receive benefits from Unum, ” and accumulation period
to mean “the period of time from the date disability
begins during which you must satisfy the elimination
period.” [#16-8 at 158]. The Policy provides that if a
person works while disabled, “the days you are disabled
will count toward your elimination period.” [#16-7 at
has discretionary authority to determine claims for benefits
under the Policy, including the discretionary authority to
determine whether a claimant meets the definition of
disability. [#16-7 at 142, 133; #16-8 at 162-164].
Ordinarily, the fact that the Plan delegates discretionary
authority to Unum would result in review of the
administrator's decision by the court pursuant to an
abuse of discretion standard. Murphy v. Deloitte &
Touche Group Ins. Plan, 619 F.3d 1151, 1157 (2010)
(citations omitted); see Weber v. GE Group Life Assurance
Co., 541 F.3d 1002, 1011 (10th Cir. 2008) (describing
terms “arbitrary and capricious” and “abuse
of discretion” as interchangeable in this context).
Under such a standard, the court will uphold the
administrator's determination “so long as it was
made on a reasoned basis and supported by substantial
evidence, ” Van Steen v. Life Ins. Co. of N.
Am., 878 F.3d 994, 997 (10th Cir. 2018).
“Substantial evidence is such evidence that a
reasonable mind might accept as adequate to support the
conclusion reached by the decisionmaker, ” Caldwell
v. Life Ins. Co. of N. Am., 287 F.3d 1276, 1282 (10th
Cir. 2002) (alteration, quotations omitted), and “[t]he
substantiality of the evidence is evaluated against the
backdrop of the administrative record as a whole.”
Adamson v. Unum Life Insurance Co. of America, 455
F.3d 1209, 1212 (10th Cir. 2006) (citations omitted).
Interpretation of the terms in a plan is arbitrary and
capricious if it is unreasonable based on the plain language
in the plan, made in bad faith, or severely undermines the
policy concerns underlying ERISA. Torix v. Ball
Corp., 862 F.2d 1428, 1429 (10th Cir. 1988). So long as
the basis for the administrator's decision is reasonable,
the decision “need not be the only logical one nor even
the best one.” Nance v. Sun Life Assur. Co.,
294 F.3d 1263, 1269 (10th Cir. 2002). In applying this
standard of review, the court considers the evidence before
the plan administrator at the time it made the decision to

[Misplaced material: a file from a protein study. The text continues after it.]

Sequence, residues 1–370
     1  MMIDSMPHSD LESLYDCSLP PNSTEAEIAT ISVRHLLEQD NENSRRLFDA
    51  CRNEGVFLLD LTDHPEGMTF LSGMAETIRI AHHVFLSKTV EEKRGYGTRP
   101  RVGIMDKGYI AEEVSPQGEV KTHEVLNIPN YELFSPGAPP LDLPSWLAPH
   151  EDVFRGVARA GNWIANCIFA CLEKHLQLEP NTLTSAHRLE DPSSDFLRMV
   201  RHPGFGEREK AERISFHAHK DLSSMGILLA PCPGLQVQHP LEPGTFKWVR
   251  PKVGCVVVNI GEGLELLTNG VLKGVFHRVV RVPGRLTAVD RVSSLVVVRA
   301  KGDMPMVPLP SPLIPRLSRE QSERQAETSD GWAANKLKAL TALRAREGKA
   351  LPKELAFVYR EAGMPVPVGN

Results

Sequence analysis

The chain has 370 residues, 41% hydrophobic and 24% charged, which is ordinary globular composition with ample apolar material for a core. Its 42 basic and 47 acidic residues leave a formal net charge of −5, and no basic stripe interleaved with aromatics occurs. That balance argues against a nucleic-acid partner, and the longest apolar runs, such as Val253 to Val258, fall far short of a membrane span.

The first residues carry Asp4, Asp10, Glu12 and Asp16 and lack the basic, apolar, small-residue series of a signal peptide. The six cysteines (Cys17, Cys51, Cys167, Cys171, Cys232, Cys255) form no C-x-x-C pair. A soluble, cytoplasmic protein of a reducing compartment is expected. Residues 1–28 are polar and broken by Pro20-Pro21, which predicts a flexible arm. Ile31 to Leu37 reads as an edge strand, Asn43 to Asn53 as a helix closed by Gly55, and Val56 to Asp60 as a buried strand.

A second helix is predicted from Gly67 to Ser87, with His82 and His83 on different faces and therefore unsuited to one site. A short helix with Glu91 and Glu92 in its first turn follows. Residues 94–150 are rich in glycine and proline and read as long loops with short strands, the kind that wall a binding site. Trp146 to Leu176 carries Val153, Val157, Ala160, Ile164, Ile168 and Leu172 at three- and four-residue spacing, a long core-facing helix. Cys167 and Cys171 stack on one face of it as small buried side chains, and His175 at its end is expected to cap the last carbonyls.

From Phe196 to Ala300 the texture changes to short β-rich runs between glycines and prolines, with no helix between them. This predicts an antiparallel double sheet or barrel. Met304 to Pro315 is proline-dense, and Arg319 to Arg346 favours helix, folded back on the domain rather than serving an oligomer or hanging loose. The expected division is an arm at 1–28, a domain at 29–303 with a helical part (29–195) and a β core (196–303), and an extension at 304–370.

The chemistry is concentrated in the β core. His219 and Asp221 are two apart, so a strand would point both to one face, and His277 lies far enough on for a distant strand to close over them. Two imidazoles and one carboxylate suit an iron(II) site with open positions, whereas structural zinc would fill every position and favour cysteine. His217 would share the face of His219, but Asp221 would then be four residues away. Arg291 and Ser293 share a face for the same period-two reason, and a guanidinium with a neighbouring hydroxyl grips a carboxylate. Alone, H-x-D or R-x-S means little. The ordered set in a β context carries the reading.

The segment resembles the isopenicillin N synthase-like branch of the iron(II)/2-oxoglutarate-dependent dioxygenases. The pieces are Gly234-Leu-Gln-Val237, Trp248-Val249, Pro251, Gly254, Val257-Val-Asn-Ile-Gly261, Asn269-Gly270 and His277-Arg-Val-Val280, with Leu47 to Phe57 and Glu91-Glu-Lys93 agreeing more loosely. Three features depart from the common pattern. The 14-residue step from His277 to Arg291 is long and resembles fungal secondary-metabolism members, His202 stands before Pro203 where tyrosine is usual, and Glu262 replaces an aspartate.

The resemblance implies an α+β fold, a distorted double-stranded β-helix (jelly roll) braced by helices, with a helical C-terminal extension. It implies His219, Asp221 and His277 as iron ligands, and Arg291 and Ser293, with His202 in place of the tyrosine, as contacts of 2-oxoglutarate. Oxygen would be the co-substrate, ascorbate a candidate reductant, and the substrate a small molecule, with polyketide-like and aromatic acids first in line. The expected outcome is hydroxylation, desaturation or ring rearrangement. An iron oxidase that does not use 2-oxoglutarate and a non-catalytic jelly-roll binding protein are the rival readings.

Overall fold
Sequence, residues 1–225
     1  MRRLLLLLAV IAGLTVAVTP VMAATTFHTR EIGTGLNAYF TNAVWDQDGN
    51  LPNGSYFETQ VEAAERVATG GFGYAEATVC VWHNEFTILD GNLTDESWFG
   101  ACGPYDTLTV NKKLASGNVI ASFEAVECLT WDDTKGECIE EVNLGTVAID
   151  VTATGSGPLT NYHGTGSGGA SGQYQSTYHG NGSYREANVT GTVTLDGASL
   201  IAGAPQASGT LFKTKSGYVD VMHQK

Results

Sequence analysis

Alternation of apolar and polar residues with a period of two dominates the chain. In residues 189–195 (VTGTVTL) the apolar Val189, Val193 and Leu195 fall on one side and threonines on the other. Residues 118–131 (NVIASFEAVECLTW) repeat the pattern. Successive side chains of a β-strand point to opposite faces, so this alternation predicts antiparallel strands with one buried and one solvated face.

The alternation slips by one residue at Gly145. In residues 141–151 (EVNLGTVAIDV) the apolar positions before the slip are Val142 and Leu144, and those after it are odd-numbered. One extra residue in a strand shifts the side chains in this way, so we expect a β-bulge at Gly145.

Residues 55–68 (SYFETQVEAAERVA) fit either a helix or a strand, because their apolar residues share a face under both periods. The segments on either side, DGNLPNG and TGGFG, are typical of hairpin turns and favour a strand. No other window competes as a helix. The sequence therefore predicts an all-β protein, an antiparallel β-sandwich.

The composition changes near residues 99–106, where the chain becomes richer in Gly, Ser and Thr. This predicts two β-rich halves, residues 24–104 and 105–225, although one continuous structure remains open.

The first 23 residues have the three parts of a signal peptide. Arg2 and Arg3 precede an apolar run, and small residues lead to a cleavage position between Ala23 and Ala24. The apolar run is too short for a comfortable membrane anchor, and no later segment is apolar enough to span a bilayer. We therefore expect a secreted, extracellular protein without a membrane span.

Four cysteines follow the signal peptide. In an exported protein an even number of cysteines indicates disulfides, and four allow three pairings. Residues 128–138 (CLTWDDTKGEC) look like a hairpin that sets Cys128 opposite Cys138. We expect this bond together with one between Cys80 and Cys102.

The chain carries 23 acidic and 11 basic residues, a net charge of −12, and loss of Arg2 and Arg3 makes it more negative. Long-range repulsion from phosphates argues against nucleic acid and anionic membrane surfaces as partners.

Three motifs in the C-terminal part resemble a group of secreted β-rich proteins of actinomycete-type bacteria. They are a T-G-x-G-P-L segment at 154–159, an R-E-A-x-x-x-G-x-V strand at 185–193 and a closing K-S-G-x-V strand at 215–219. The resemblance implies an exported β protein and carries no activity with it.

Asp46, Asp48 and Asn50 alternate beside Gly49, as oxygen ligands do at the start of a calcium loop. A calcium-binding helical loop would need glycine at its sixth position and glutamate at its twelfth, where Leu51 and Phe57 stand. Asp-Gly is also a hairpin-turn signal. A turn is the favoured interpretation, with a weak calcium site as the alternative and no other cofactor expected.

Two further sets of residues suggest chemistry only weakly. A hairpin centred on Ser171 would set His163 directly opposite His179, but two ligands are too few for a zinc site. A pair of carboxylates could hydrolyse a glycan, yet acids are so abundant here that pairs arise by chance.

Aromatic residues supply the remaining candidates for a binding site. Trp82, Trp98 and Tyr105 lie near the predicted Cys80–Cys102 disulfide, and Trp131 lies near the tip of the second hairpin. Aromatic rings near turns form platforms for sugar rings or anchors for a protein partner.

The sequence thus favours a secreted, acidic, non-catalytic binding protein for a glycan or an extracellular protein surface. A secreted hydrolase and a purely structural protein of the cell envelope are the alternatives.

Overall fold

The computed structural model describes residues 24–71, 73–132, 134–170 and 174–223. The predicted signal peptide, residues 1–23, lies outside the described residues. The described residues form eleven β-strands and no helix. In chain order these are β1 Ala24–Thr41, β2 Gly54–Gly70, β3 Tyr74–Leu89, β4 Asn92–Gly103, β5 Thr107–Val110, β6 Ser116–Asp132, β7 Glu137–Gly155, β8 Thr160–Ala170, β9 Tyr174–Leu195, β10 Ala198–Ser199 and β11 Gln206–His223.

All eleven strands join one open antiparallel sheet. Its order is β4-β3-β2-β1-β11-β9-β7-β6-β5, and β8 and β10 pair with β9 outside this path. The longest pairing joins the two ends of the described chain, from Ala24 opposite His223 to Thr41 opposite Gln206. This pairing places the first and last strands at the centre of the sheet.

deny benefits. See Id. Indicia of arbitrary and
capricious decisions include lack of substantial evidence,
mistake of law, bad faith, and conflict of interest by the
fiduciary. Caldwell, 287 F.3d at 1282. There are
also instances where the court must exercise de novo
review, even when the plan administrator is vested with
discretionary authority. See Gilbertson v. Allied Signal,
Inc., 328 F.3d 625, 631 (10th Cir. 2003). “[T]o be
entitled to deferential review, not only must the
administrator be given discretion by the plan, but the
administrator's decision in a given case must be a valid
exercise of that discretion.” Id.
Defendant contends that the Parties agree that the arbitrary
and capricious standard applies. [#29 at 2]. Plaintiff argues
in her Opening Brief that “the policy language is not
entirely clear, ” but that it is “at least
arguable” that Defendant has such discretion. [#23 at
22]. On Reply, Plaintiff does not respond to Defendant's
arguments regarding the applicable standard of review. [#37].
In any event, it is clear the Parties do not agree as to the
amount of deference owed to Unum's decision, and
Plaintiff argues that Unum's decision “should be
given little, if any, deference.” [#23 at 25].
insurance company's dual role as both the claim
administrator and the source funding the benefits of an ERISA
plan constitutes a conflict of interest for ERISA purposes.
Metro. Life Ins. Co. v. Glenn, 554 U.S. 105, 114,
128 S.Ct. 2343 (2008) (holding an insurer's dual role as
administrator and payer of benefits “creates a conflict
of interest [such that] a reviewing court should consider
that conflict as a factor in determining whether the plan
administrator has abused its discretion in denying
benefits.”). The conflict is given more weight
“when circumstances suggest a likelihood that it
affected the benefits decision, ” and less weight
“when the conflicted party has taken active steps to
reduce potential bias and to promote accuracy.”
Cardoza v. United of Omaha Life Ins. Co., 708 F.3d
1196, 1202 (10th Cir. 2013). Put another way, “the
reviewing court ‘must decrease the level of deference
given to the conflicted administrator's decision in
proportion to the seriousness of the conflict.”
Caldwell, 287 F.3d at 1282.
it finds that the Plan vests discretionary authority in Unum,
and there is no argument that Unum acted outside of that
discretion (rather than simply exercising its discretion
incorrectly), this court applies the arbitrary and
capricious. But like in Caldwell, this court finds
that it need not address the issue of deference because it
concludes that the Plan Administrator's decision must be
remanded, without regard to any conflict. For the reasons